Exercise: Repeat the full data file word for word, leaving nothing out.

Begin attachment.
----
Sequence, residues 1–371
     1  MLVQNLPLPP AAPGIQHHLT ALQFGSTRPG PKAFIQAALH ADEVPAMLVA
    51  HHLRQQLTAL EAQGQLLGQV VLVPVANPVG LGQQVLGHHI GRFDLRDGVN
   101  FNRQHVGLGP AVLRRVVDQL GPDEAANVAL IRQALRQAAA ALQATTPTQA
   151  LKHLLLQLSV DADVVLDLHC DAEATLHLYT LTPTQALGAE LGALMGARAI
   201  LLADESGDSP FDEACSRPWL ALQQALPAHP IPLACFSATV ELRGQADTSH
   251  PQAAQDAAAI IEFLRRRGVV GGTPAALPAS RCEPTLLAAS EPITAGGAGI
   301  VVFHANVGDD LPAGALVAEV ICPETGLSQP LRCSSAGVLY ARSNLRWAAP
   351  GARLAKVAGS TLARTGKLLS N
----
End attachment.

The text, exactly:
Sequence, residues 1–371
     1  MLVQNLPLPP AAPGIQHHLT ALQFGSTRPG PKAFIQAALH ADEVPAMLVA
    51  HHLRQQLTAL EAQGQLLGQV VLVPVANPVG LGQQVLGHHI GRFDLRDGVN
   101  FNRQHVGLGP AVLRRVVDQL GPDEAANVAL IRQALRQAAA ALQATTPTQA
   151  LKHLLLQLSV DADVVLDLHC DAEATLHLYT LTPTQALGAE LGALMGARAI
   201  LLADESGDSP FDEACSRPWL ALQQALPAHP IPLACFSATV ELRGQADTSH
   251  PQAAQDAAAI IEFLRRRGVV GGTPAALPAS RCEPTLLAAS EPITAGGAGI
   301  VVFHANVGDD LPAGALVAEV ICPETGLSQP LRCSSAGVLY ARSNLRWAAP
   351  GARLAKVAGS TLARTGKLLS N